Imagine you have a varying number of push buttons that you need to connect to a microcontroller such as Arduino, of which you can only use a maximum of two pins (not counting 5v and gnd). Each button must be wired to the next one, and the total number of wires between them must not exceed 4, with 2 being 5v and gnd. The objective is to know how many push buttons are connected and determine when a push button is pressed, and which one. The push buttons don't have a fixed order; you must be able to change their positions if necessary.

I managed to make it work to a certain degree by using 2k resistors along with the buttons and measuring the resistance in the end. When I press a button, I read the resistance up to that point, adding an extra 1k resistor before the Arduino pin. So if I get an even value, I divide it by two and I get the total number of push buttons. If I get an odd value, it's because some button is being pressed, so I divide it by two and round it down, getting the position of the button being pressed.

The problem is that I can't have both the information of the total number of buttons and the button being pressed at the same time. While I'm pressing the button, I can remove a button to the right and I have no way of knowing. Also, if I press two or more buttons simultaneously, only the leftmost button being pressed will be detected.

Is there a way of doing this in a somewhat inexpensive way, being able to know at any given time how many buttons there are, how many are being pressed and which ones, using only a maximum of two pins?

  • 1
    \$\begingroup\$ Can you use additional active circuitry or ICs, or are you constrained to just using passive components and 2 pins on your Arduino? \$\endgroup\$
    – John D
    Commented Jun 5, 2022 at 19:08
  • \$\begingroup\$ I can use additional active components and ICs, as long as I don't use more than two pins. \$\endgroup\$
    – mnib
    Commented Jun 5, 2022 at 19:10
  • 2
    \$\begingroup\$ Well, you could use 2 pins for an I2C interface and use something like an I2C I/O expander (or multiple ones) to connect to the buttons. You can bit-bang the I2C interface if all you have is regular GPIO pins on the Arduino. You'd have to continually poll the parts to see if a button was pressed, not sure what your minimum "press" time is or if that's practical for your system \$\endgroup\$
    – John D
    Commented Jun 5, 2022 at 19:12
  • \$\begingroup\$ @jsotola it's just a small device I'm making, but with the constraints I mentioned \$\endgroup\$
    – mnib
    Commented Jun 5, 2022 at 19:17
  • 1
    \$\begingroup\$ what is the maximum number of buttons? \$\endgroup\$
    – jsotola
    Commented Jun 5, 2022 at 19:20

2 Answers 2


With 8 buttons there are 255 possible combinations of presses. Consider an R-2R ladder.

If the uC has a 10 bit A/D, you should have enough resolution to determine the input voltage to a 1-in-255 precision. Continuously polling the A/D converter and logging the results will capture any button status change no matter how many buttons change status at the same time. This gets you 255 buttons on one pin.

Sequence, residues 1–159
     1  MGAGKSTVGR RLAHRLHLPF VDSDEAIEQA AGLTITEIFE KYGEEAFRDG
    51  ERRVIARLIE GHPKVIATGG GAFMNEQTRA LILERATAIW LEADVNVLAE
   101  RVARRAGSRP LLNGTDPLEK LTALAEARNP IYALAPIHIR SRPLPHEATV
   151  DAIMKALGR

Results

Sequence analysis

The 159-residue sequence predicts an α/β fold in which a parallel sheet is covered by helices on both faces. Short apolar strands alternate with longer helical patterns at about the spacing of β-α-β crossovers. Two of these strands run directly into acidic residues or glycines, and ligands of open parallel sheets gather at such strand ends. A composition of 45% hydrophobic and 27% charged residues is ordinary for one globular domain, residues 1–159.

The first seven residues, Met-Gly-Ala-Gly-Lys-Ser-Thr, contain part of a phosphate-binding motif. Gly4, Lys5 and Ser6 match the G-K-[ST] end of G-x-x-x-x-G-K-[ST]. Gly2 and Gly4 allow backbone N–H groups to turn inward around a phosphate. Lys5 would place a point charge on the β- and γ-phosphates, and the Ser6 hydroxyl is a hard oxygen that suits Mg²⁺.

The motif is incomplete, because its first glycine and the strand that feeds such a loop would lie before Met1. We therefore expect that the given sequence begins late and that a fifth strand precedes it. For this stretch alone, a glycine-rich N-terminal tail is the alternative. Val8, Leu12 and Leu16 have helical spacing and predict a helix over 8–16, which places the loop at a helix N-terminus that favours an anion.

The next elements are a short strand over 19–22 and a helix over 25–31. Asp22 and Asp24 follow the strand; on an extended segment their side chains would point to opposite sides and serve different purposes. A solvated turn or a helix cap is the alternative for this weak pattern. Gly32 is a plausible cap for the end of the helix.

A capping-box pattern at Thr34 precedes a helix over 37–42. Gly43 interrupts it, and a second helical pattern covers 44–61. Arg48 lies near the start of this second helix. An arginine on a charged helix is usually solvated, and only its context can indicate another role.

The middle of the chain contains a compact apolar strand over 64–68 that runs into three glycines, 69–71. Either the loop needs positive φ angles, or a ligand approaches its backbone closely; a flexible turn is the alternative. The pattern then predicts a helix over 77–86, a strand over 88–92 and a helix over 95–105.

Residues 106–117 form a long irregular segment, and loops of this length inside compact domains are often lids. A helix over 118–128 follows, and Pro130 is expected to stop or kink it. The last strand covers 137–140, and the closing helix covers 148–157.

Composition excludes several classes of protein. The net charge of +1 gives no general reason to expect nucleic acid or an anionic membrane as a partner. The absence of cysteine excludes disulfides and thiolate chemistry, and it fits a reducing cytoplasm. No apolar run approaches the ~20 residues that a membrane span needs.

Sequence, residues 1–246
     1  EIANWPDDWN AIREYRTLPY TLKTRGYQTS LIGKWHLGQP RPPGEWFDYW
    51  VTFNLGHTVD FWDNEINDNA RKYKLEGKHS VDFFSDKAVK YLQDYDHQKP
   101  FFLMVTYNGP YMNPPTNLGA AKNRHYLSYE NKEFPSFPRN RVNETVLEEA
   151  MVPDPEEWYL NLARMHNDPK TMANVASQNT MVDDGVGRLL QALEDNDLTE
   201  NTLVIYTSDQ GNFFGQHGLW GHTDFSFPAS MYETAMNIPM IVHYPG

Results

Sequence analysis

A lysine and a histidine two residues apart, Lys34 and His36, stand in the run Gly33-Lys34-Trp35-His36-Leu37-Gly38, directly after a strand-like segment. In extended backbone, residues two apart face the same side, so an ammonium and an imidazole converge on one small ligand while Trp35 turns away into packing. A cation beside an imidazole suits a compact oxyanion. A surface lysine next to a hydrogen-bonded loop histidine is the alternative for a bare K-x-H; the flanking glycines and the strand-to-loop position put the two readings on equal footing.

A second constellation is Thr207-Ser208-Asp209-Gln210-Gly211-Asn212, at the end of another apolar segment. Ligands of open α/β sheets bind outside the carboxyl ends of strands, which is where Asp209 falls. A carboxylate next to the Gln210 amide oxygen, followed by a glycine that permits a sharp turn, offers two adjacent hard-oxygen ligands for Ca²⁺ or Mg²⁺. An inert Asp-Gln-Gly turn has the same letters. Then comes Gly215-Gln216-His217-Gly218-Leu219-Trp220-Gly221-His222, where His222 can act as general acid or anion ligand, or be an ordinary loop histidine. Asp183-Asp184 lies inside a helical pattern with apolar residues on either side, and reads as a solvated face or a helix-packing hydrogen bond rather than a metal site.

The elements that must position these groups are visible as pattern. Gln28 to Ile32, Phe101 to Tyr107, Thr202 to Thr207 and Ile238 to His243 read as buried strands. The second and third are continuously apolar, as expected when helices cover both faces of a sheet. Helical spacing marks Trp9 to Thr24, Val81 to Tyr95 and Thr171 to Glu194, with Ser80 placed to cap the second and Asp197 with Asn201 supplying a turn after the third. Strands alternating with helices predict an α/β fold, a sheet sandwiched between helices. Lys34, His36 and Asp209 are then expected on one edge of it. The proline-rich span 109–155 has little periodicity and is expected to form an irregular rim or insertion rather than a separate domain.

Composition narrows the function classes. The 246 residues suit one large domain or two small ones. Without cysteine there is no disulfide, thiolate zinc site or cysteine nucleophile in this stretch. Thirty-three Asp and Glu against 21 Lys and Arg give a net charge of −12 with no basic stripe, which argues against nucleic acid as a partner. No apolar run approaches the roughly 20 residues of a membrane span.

0.1% resistors are cheap, and you need only two values for the entire span. You will need a very stable voltage reference. The initial value tolerance is not so critical, because the no-button-pressed reading sets the voltage scale. The temperature coefficient is more important. National used to make a voltage reference with a temperature-controlled oven on the same chip. It takes a minute to warm up, and then sits there like a stone.

All of that was for 255 buttons on one uC pin. Because you have 2 uC pins available, there is a better way to go.

With two pins, you can split (electrically) the 8 buttons into two groups of four, one group for each uC pin. Now you have two 4-bit R-2R ladders. Each produces 16 times the voltage range per button. You can use 1% resistors and a much less expensive reference, and any basic onboard 8-bit A/D has more than enough precision for this.

Two 5-bit ladders get you 10 buttons, etc.

  • \$\begingroup\$ You dont need stable voltage reference if you use same voltage reference for ADC and R-2R ladder. \$\endgroup\$
    – Rokta
    Commented Jun 6, 2022 at 6:48
  • \$\begingroup\$ Instead of building a R-2R ladder, why not using an 8 bit DAC? An integrated resistor ladder reduces problems with temperature differences. \$\endgroup\$
    – Uwe
    Commented Jun 6, 2022 at 10:14
  • \$\begingroup\$ Not using an external voltage reference depends on many of the uC's A/D characteristics, which we know nothing about. \$\endgroup\$
    – AnalogKid
    Commented Jun 6, 2022 at 11:07
  • \$\begingroup\$ The R-2R ladder is a DAC, and two 4-bit ones cost pennies. There are very few parallel-input DACs without a uC interface. The DAC-01 is obsolete and costs over $6.00. \$\endgroup\$
    – AnalogKid
    Commented Jun 6, 2022 at 15:20

You can use an I2C IO expander powered by 5V.

Connect the two IO pins of the Arduino to the I2C SDA and SCK lines. Use the 5V power to power the expander chip.

Something like the MCP23008-E/P costs like $1.55 at Digikey.

  1. Each chip features 8 digital IO pins that can each connect to one switch.
  2. The chip features three address pins, so you can put up to 8 chips on the same I2C bus. This lets you sense up to a total of 64 switches.
  3. The chip can be powered directly from a 5V supply.

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